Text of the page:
In 2020, the world’s first year of living dangerously with Covid, a smaller share of Americans had children than in the year prior. Most of this birth rate fall was part of the ongoing trend toward decline that has been underway since 2007 (December 2007 saw the start of the Great Recession, which ended in June 2009).

Because the pandemic started in March 2020, the only month in which children born in 2020 were conceived during the pandemic was December (children conceived in April 2020 = born in 2021), though decisions around termination of pregnancies conceived before March may have been affected by the pandemic as well. Potential parents’ choices around procreation over the rest of 2020 and beyond will only be fully apparent when we see the birth data for 2021.

The overall birth rate fell from 58.3 births per fertile woman (age 15-44) in 2019 to 56 in 2020, a decline of 4%. Since 2007, the birth rate among US women overall has fallen 19.2%.

Births to teens (age 15-19) fell from 16.7 in 2019 to 15.4 in 2020, a decline of 7.8%. This seems likely to have been affected by both increased use of contraception and diminished social contact due to quarantines in March 2020. Since 2007, the birth rate among US teens 15-19 has fallen 62.9%, due in major part to the availability of Long-Acting Reversible Contraception (LARCs). This links to an increased ability among teens to complete high school and establish at work (high school graduation rates increased by 7 percentage points, from 79% to 86%, between 2010 and 2019, per the National Center for Education Statistics – further data yet to be released).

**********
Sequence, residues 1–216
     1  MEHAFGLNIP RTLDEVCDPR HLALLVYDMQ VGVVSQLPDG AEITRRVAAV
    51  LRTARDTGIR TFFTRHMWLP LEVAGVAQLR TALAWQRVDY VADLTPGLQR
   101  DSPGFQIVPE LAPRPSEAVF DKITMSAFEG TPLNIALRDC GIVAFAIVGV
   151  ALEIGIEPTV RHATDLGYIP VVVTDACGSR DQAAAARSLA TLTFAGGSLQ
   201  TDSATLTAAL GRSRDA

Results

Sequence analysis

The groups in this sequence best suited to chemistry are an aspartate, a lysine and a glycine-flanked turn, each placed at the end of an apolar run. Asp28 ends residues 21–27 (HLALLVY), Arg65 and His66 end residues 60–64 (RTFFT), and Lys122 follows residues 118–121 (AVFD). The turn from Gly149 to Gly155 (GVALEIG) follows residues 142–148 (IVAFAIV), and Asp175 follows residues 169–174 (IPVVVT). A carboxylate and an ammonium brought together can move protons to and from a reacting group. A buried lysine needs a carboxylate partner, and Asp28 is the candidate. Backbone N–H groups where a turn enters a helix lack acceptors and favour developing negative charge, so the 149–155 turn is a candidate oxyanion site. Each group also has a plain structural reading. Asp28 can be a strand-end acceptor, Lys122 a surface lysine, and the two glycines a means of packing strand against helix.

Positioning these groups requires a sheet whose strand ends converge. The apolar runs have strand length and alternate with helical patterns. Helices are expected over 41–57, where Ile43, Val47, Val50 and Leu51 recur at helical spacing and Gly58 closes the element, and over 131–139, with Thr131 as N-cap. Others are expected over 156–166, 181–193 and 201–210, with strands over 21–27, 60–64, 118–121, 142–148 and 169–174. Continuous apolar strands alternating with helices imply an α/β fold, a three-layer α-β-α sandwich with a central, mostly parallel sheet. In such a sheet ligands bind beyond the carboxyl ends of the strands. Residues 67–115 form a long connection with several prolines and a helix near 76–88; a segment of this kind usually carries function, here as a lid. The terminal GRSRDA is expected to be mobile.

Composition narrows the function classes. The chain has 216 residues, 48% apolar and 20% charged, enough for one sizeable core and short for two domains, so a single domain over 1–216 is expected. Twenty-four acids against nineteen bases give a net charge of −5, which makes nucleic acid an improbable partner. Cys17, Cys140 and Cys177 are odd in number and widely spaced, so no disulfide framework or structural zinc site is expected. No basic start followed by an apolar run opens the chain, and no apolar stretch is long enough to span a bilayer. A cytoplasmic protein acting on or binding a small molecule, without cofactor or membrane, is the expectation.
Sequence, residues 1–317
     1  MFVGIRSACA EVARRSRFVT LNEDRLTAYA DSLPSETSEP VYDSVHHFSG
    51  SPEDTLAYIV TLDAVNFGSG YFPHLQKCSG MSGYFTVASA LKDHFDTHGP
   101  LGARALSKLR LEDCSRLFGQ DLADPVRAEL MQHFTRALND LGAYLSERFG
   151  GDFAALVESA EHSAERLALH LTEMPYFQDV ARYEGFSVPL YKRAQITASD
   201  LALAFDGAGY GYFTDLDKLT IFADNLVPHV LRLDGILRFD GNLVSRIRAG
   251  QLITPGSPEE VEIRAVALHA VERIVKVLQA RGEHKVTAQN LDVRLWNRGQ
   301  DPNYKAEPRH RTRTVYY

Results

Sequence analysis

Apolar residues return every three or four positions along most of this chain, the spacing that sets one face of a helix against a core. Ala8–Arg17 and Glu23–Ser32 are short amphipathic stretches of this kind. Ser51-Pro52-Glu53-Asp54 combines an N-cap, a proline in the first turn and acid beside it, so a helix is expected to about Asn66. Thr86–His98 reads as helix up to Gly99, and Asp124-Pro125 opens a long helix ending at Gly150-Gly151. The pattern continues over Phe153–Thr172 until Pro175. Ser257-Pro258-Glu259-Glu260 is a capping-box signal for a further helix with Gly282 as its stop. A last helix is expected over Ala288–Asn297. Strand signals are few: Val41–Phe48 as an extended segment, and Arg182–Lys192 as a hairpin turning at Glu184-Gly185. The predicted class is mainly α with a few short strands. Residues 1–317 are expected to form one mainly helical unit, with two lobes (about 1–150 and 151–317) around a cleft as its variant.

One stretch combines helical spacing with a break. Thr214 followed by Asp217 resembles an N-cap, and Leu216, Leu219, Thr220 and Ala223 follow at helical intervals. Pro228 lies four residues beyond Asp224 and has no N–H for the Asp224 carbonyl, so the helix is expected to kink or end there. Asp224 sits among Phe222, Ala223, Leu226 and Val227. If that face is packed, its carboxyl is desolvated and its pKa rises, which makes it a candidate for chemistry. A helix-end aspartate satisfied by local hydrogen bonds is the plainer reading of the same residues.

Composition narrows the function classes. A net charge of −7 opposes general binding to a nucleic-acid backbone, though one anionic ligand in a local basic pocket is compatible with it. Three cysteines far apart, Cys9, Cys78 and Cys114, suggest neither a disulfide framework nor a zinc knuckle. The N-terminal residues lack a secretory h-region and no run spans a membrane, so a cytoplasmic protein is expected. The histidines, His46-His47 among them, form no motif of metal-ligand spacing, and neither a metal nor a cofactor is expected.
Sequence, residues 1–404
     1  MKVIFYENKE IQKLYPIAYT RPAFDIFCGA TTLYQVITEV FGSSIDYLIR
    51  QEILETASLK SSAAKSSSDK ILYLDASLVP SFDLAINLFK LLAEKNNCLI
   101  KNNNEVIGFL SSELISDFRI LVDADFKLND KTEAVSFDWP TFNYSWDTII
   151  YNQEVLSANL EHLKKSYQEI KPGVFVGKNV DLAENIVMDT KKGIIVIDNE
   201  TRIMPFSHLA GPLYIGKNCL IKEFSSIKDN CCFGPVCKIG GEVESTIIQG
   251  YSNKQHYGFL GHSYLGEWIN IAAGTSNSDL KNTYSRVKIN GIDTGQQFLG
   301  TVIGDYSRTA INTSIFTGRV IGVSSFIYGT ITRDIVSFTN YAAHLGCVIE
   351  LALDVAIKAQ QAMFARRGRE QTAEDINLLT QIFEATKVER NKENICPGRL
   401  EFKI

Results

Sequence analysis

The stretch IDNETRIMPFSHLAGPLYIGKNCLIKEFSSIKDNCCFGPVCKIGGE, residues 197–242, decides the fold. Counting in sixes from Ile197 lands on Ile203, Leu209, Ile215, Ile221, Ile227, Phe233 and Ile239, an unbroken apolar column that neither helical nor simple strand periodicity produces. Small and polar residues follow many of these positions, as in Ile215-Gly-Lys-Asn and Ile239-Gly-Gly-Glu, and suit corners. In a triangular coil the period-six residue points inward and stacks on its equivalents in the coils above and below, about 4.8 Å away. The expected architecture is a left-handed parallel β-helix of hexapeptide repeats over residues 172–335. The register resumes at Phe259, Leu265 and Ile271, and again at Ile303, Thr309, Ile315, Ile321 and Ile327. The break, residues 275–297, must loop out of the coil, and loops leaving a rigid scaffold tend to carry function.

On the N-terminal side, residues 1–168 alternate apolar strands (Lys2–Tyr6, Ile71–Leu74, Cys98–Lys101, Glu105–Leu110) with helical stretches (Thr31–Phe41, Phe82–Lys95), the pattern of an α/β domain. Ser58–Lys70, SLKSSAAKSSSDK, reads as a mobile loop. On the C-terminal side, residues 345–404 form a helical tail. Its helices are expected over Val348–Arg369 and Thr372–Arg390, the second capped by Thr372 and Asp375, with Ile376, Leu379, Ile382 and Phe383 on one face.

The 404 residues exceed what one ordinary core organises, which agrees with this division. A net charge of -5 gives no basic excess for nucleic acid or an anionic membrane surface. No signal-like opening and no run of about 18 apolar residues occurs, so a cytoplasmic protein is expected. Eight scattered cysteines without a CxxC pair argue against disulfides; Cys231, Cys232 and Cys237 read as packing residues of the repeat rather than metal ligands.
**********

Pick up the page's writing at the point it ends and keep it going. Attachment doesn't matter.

Rates to non-teens decreased across the board between 2019 and 2020, as follows: The birthrate for women 20-24 declined 5.4%; the rate for women 25-29 declined 3.7%; for women 30-34 it was 3.5%; for women 35-39, 1.9%; and for women 40-44 the rate declined 1.7% between 2019 and 2020. Of these rates, all had been falling previously except those for women 35-39 and 40-44.

Longer term, between 2007 and 2020, the birthrates for teens (as noted above) declined 62.9%. For women 20-24 the rate declined 40.2%; the rate for women 25-29 declined 23.6%; for women 30-34 it was 5.6%; for women 35-39, the birth rate rose 8.8%; and for women 40-44 the rate rose 22.9%. This suggests an ongoing pattern of delayed childbearing as well as what may prove to be an increase in the proportion of women (and men) remaining childfree. Women who refrain from having children early on may still raise the same number of children if they start later, but we won’t know the overall ripple effect of delay on individuals’ total fertility until those in their teens and 20s in 2007 and after reach their mid 40s. Delay will also affect individuals’ education, workforce-participation and earning levels.


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